Suing A&E, History is not so wonderful

Jun 3, 2002  •  Post A Comment

A&E Networks, the History Channel and Atlas Media Corp., a New York-based production company known for its documentaries, are defendants in a California civil suit brought by the estate of the late Donna Reed and five actors who were in “It’s a Wonderful Life,” the Christmas perennial starring Jimmy Stewart.
The suit, which asks for unspecified general and punitive damages and an injunction, charges that the defendants made and telecast a documentary that included the actors’ images and likenesses without their permission and did not pay them for use of their images. The plaintiffs, in addition to the late Ms. Reed, are actors Jimmy Hawkins, Bob Anderson, Todd Karns, Karolyn Grimes and Carol Coombs.
A spokeswoman for the Screen Actors Guild said that actors in films from the “It’s a Wonderful Life” period customarily signed over all their rights “in perpetuity” to the studio. “If the studio has the documents [i.e., the contracts with the actors’ signatures], it has the ability to use their images,” the spokeswoman said.
The actors’ attorney, Richard Ferko, maintained that the film’s rights holder, Republic Pictures, does not have such documents and that, in fact, the company pays his clients for any merchandising use of their images. “Republic pays my clients a royalty fee, a licensing fee to use their pictures,” he said. “If those rights were signed away, they wouldn’t be paying us a fee.”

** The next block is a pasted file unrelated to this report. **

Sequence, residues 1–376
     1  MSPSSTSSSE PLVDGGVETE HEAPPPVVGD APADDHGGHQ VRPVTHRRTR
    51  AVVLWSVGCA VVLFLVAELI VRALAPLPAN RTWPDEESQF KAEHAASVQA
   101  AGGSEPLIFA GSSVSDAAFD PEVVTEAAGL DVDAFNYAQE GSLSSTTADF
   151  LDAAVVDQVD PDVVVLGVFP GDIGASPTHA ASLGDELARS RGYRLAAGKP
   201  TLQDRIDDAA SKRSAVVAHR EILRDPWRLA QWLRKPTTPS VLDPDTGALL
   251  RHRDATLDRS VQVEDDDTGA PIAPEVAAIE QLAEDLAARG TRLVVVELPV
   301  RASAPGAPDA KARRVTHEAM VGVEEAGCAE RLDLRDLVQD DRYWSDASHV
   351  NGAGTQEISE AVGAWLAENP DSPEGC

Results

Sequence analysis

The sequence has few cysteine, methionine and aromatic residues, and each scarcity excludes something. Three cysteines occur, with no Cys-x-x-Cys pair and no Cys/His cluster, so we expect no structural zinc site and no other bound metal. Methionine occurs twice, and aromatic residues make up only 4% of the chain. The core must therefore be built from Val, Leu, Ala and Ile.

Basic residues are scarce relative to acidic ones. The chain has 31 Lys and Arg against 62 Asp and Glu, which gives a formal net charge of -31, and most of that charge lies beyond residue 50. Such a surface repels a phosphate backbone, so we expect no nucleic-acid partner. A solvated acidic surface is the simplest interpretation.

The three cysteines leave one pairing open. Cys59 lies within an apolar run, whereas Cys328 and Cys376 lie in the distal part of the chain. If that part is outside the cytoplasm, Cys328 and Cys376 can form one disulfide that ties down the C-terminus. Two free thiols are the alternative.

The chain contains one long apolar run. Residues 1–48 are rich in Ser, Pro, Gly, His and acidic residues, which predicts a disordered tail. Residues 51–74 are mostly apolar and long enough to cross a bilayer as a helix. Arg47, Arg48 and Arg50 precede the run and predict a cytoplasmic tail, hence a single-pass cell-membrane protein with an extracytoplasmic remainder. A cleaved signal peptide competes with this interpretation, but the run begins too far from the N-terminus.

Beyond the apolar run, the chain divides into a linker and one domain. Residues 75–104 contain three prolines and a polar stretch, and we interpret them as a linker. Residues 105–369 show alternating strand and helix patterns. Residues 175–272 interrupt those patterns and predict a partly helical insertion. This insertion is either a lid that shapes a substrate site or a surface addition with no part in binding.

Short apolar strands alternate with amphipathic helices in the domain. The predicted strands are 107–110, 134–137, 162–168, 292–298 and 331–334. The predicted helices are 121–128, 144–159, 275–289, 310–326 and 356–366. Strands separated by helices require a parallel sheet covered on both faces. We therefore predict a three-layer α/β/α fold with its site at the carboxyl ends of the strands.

The documentary in question, “Let Us Entertain You,” was part of the History Channel’s “American Classics” series and it focused on Elvis Presley, Marilyn Monroe and “I Love Lucy” as well as “It’s a Wonderful Life.” The lawsuit contends that “defendants made profits and/or gross revenues in an amount believed to be in excess of $500,000.”
“I think they are confusing a commercial merchandised product with a nonfiction documentary,” said Bruce David Klein, Atlas Media Corp’s president/executive producer, who said he had not yet the suit’s complaint. The documentary is “not a mug; it’s not a souvenir spoon; it’s not a T-shirt. … It’s no different from an article in a newspaper on the same subject.”
Atlas specializes in documentaries and has standard rights procedures in place, which were followed in this case, Mr. Klein added.
A&E declined comment, citing a policy of not discussing pending litigation. No trial date has been set.